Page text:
OAKLEY -- The clock is ticking down on fire district officials here who are trying to decide the features of a parcel tax they'll start pitching to voters in earnest next month.
During a 3 ½-hour discussion Monday, directors of the East Contra Costa Fire Protection District debated how long the as-yet-undefined tax should last, whether that figure should reflect raises for firefighters and be adjusted annually to offset inflation and if any residents should be exempt.
The financially troubled district will hold seven public presentations in January -- one in each of the communities it serves -- to explain what's at stake: If it can't drum up additional revenue by the time a federal grant expires in November 2014, the agency predicts that it will be forced to close two of its five fire stations.
Last year's resounding defeat of a similar tax measure was uppermost on directors' minds as they debated how best to convey the urgency of the need to residents, many of whom board President Joel Bryant said had no idea that the agency was even in trouble when he talked to them during his campaign for Measure S.
Following that ballot measure's failure, East Contra Costa Fire closed three stations and laid off 15 firefighters. The district received a reprieve a few months later in the form of a two-year, $7.8 million grant.
Although it can apply for another grant, whatever money it received would have to be spent on additional hires; he's simply trying to maintain current staffing levels, Chief Hugh Henderson said after the meeting.
This time around directors acknowledged that the district must be more aggressive in its public outreach; it's not enough to hold informational meetings and hope that voters will come -- they also will be taking their message to specific groups such as service clubs, scouting groups and parent-teacher associations.
Bryant suggested that each board member use his or her Facebook page to explain the tax, while Director Cheryl Morgan recommended taking advantage of any holiday events they'll be attending over the next several weeks to get the word out in person.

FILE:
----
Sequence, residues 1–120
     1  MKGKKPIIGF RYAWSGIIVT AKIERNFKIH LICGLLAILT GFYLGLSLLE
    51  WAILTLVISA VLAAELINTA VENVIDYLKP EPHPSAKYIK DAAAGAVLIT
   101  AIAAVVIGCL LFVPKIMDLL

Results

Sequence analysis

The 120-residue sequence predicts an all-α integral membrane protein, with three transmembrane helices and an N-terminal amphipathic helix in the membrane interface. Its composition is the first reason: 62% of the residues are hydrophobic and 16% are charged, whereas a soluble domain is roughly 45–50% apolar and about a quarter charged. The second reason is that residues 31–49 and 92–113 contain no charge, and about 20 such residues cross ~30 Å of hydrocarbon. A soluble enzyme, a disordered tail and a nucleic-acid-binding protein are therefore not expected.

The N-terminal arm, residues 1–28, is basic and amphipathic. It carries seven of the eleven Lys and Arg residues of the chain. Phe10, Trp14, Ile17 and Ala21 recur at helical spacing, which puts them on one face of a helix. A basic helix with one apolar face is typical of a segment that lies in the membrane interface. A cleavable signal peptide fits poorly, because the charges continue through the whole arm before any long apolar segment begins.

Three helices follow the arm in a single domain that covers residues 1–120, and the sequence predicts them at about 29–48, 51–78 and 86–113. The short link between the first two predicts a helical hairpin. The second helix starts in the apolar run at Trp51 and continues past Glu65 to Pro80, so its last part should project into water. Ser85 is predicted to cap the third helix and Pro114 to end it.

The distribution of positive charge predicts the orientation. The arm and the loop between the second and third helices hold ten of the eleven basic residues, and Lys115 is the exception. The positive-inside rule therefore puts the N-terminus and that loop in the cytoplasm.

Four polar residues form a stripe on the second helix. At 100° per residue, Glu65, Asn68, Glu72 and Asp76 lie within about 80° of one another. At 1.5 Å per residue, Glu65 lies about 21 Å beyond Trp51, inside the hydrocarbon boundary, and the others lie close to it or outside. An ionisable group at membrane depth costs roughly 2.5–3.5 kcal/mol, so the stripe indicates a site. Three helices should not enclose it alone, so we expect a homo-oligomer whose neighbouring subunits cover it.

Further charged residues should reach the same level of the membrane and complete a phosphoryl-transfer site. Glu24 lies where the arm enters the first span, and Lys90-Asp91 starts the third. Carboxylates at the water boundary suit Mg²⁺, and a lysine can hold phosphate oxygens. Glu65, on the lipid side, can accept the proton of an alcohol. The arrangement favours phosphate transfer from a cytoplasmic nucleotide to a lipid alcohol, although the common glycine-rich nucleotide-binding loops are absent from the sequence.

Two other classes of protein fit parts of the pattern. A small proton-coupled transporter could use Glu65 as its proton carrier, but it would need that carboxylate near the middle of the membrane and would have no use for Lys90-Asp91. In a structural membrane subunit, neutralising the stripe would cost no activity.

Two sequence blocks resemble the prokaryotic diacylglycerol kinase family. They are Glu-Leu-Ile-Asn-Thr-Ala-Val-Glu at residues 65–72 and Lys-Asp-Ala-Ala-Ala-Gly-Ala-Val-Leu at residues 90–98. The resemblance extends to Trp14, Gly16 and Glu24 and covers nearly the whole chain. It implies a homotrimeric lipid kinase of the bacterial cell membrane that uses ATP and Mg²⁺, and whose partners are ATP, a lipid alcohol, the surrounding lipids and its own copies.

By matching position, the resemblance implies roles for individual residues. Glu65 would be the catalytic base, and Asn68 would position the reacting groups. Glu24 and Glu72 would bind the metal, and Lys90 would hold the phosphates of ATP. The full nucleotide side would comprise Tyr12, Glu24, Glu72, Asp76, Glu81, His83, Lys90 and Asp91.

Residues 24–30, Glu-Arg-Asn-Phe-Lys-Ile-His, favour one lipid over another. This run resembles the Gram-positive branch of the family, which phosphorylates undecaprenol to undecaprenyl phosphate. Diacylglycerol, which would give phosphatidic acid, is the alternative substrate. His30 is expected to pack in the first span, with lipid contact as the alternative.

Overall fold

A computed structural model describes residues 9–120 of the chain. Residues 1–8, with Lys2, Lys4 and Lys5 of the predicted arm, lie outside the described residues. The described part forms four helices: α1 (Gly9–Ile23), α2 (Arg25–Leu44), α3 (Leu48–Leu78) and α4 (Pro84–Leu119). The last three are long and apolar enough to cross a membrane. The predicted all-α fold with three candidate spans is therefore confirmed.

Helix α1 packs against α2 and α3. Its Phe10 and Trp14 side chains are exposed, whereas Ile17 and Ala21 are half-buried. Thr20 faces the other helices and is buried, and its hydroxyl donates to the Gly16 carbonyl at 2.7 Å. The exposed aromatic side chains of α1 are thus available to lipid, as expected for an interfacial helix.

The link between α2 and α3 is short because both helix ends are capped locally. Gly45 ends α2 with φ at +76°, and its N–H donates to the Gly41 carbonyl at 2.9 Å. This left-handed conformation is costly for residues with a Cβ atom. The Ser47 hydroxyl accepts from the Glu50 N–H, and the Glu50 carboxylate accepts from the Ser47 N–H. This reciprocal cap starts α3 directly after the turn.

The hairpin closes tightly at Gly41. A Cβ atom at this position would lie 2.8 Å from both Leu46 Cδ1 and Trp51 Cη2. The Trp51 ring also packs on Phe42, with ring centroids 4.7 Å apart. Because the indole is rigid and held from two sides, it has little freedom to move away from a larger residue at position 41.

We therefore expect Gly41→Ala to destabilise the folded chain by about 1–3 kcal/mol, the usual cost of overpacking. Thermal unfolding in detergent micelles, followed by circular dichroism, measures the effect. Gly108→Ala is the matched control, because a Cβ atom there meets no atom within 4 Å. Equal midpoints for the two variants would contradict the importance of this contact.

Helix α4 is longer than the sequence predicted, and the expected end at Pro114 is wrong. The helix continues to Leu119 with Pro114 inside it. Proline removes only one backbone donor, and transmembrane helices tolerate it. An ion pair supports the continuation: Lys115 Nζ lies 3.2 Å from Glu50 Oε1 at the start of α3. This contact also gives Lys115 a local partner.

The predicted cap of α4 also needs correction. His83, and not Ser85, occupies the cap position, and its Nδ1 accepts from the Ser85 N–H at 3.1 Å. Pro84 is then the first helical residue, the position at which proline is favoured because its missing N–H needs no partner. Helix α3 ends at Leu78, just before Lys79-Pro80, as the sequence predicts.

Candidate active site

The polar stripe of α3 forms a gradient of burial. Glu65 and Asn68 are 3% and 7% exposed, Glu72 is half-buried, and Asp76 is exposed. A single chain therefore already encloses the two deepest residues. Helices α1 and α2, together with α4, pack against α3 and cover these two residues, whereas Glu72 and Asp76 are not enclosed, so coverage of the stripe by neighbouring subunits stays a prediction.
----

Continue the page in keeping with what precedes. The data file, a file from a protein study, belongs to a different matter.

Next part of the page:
"They'll pay if they know (what the tax is for)," said Vince Wells, union president of United Professional Firefighters of Contra Costa County, Local 1230.
Board Vice President Ronald Johansen ¿also persuaded his colleagues to consider hiring a consultant to guide them through the process of getting the tax on the ballot in time for the June election.
"We shouldn't be limiting ourselves in any way because this is about the survival of the district," he said.
As for the features of the proposed parcel tax, directors agreed that it should remain in effect from five to seven years. Those on the district's finance committee now will crunch numbers to determine whether it's feasible to have cost-of-living increases built into the tax. Some board members thought structuring the tax this way would be more appealing to voters because the district wouldn't have to charge as much at the outset if it's guaranteed an increase in subsequent years.
The committee also will decide whether to recommend a per-parcel amount that would cover raises for firefighters, who currently earn significantly less than their counterparts elsewhere in the county. A rank-and-file firefighter with East Contra Costa Fire Protection District earns up to $4,625 per month as compared with one in Contra Costa County Fire Protection District, who tops out at $7,210 per month -- a difference of nearly 56 percent.
Although Director Stephen Smith thought the district should give Summer Lake residents a break on the tax, most of the board heeded Morgan's warning that making an exception for one group of people would create a troublesome precedent.
The Oakley subdivision is in a community facilities district that's dedicated to supporting fire services and, as such, homeowners there pay a special tax that generates about $133,000 a year for the fire agency.
Contact Rowena Coetsee at 925-779-7141. Follow her at Twitter.com/RowenaCoetsee.